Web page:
Life at the news desk ‘Technology has changed. They Have No Expectations ”

Newsdek is the parent’s heartbeat. Fast, fast and inspires you to publish more news reports at any time that seems to be close to a heart attack.

In three years, as an assistant news editor, there has been no shortage of historical moments – Brexit and General Elections have quickly followed the epidemic that is changing the world. Even on quiet days, the first editor in London took the baton from our Australian office and updated the website with the latest stories, and when the night editor finished the last edition at about 1 hour, our operation began at 7 p.m.

Over the past two decades, news editing has had to keep pace with the Internet and the evolution of technology. We don’t just focus on filling out paper pages – we produce and print pieces for the site all day. And if articles are not enough, we have live blogs that scan every few minutes, including Politics, VV-19 and any other emerging events.

It was a long time ago when the late Jean Steadne joined the Yorkshire Post for the first time. Without the significant cultural changes that she has implemented, the quality of our news output will not be what it is today.

In the early 1960’s, the guard had a reputation for being slow in the news. Cecil King, chairman of the publisher giant IPC, wanted to release: “The Telegraph reports today, The Guardian will comment on tomorrow.” So when Stead finally joined the running table, the guard was sent to compete on Fleet Street. She recalls in an interview before she died: “We are tired of being ridiculed like other papers.

During her tenure, Stade and her team developed a stream of diversity that had a real impact. A.D. In 1971, The Guardian reported that private investigators were extracting information from White House departments, the Office of Criminal Records, and banks. Incumbent Prime Minister Edward Heath ordered an investigation and security was restored. A.D. In 1973, according to The Reporter, Adam Rafael, the sole leader of British companies, confirmed that South African workers were underpaid. The matter was taken up by a select committee and finally settled.

So how does magic happen? I learned from a combination of determination and zeal. Destroying it is not a job to change. Stories follow closely, and all facts must be correct or you are in trouble. “They always use your mind,” said Stade.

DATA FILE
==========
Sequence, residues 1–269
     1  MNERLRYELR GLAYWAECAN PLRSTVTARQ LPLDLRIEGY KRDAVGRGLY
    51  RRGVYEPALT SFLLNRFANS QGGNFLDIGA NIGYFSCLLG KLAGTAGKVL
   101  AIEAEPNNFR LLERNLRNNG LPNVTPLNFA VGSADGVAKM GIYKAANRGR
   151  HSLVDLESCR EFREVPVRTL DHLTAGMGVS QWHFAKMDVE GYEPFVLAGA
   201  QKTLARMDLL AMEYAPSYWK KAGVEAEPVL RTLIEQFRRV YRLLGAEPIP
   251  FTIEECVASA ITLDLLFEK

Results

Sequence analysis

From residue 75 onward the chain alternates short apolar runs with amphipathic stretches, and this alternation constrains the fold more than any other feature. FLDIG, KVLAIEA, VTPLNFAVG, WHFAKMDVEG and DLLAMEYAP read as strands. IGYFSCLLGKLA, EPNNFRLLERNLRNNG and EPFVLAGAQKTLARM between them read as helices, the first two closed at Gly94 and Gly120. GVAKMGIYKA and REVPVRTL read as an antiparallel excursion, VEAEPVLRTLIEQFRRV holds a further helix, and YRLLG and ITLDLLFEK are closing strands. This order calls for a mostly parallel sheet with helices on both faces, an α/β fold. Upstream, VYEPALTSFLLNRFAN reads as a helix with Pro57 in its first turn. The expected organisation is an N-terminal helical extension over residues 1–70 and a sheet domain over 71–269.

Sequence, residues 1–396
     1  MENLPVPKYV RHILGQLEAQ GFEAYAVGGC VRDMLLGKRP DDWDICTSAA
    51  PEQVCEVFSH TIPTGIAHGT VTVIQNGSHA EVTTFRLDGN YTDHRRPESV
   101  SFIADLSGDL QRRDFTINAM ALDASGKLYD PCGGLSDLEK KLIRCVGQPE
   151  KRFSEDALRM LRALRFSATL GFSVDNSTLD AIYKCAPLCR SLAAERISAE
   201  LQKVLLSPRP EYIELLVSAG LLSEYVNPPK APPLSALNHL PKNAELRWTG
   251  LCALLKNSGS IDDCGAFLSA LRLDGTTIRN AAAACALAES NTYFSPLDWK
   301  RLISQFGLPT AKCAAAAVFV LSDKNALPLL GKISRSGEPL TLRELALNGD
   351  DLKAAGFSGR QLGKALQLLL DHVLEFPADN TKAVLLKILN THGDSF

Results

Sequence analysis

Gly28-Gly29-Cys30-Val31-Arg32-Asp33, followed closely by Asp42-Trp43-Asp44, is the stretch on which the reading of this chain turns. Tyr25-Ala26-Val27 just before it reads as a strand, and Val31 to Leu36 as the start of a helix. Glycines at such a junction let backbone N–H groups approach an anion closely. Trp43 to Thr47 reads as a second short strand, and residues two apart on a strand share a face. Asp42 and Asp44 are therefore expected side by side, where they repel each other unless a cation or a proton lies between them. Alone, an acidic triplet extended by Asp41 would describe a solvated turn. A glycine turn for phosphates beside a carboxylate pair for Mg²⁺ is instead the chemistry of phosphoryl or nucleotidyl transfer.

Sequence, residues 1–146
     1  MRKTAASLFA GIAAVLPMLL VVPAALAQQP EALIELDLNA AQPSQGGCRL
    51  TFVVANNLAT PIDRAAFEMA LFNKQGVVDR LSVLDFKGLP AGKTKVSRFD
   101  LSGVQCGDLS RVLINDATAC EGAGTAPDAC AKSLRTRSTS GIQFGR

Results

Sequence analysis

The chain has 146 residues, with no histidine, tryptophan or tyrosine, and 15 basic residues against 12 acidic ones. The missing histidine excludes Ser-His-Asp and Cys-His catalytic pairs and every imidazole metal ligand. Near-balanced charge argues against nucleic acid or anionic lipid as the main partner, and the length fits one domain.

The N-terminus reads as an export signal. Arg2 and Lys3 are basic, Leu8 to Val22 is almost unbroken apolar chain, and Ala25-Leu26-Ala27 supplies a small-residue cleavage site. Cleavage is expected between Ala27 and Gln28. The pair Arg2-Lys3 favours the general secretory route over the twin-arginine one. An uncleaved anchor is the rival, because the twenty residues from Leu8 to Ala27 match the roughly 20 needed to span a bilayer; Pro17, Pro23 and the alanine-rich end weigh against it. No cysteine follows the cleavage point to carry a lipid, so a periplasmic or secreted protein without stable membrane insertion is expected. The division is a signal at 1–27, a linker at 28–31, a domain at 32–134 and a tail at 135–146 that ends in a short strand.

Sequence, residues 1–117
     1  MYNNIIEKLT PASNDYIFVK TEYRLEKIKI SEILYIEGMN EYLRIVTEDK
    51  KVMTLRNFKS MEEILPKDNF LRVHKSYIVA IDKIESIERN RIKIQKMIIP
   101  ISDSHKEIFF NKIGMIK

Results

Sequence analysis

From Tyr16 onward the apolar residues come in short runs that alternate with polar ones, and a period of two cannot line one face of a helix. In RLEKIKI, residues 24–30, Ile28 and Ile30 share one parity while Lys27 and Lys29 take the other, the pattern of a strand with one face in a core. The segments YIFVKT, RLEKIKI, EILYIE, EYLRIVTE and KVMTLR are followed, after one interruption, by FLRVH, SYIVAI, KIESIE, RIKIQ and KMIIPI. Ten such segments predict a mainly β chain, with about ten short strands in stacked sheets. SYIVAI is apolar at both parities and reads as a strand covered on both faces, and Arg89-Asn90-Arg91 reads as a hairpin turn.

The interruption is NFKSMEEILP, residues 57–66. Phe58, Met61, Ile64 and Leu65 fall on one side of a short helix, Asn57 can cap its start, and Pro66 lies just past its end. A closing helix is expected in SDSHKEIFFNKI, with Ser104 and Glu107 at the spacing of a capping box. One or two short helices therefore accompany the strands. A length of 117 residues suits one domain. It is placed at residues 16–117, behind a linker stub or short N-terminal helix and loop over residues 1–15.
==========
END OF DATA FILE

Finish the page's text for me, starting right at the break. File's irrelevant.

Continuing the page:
Jean Stead, September 1973.
In 1973 Jean Stead – ‘You didn’t have time to practice.’ Photograph – Peter Jones / The Guardian

She talked about the “table shot” throughout the day, including a conference with other editors. “You have to go through the news list, there are 20 items, and you have to say something about each one, you don’t have time to practice,” she recalls. There were so many professionals around the desk that you had to adjust everything. She said the conference was so difficult that broadcasting and television were relatively difficult.

The timing and attendance list of the conference may have changed, but expectations have not changed. Every day, one of us reads the news at the midday news conference. We need to know each of the 20 to 40 stories about the military exodus in Afghanistan, the disappearance of the Thames in the Thames, or the Sandringham mystery. . We sell stories that we think are relevant to the front page, that can be ignored, and that add some humor or simplicity.

One of the things I enjoy most about being at the table is cooperation. I have never felt lonely, working in the morning with those editors to decide which of the big stories of the day and what we need to cover, working with reporters on long-term projects and sharing in the joys and sorrows of great national development. In high pressure, in a hurry, stupid things can make you laugh. One of our desk managers, who answered countless calls during the day, was heard shouting, “We don’t have an appointment with journalists, it’s like going to the library and asking for a bag.”

I remember when Theresa May was shot by British MPs in the last century. When it came to accepting the verdict and accepting the vote of no confidence in the government, there were a few common gases. Similarly, when the Supreme Court ruled that the government had committed an illegal act of dissolving parliament, or when Chris Whitty delivered his first press conference, the tension in the room was obvious.

There are frequent disagreements with their reporters, stories have been changed, captured or posted. Frustration is inevitable. Sometimes journalists hit you at the table when you least expect it and use what we call “driving”. We moved the newsroom to the newsroom, in the middle of the operation, saying, “Let no one get behind my shoulder.”

Stead said she found it frustrating to be a woman editor because she “could not see what had happened.” Still, when a reporter put John Lennon and Yoko Ono on the bed, they came back and said, “That’s the problem with finding a female news editor – I don’t think so. He should show you these pictures. ”Stead once asked Margaret Thatcher,“ The best way to balance work and home life, ”to which the former prime minister replied,“ Representation. ” The comment touched on Stade’s comments about losing her social life. “You have to stop doing a lot of things. I never left. Of course, every news editor knows the pain of canceling plans because they are “done.”

Today, there are more women on the table than men, and there are times when we have all the women lined up. We also have a number of editors from a minority background – an essential aspect of any news section that needs to be spoken and for a modern, diverse readers.

so what it is Is that reader interested? Stade: “The watchman may have a lively and curious mind. If you happen to have a general rule, you think the ban will be the first ban.

That has always been the same.

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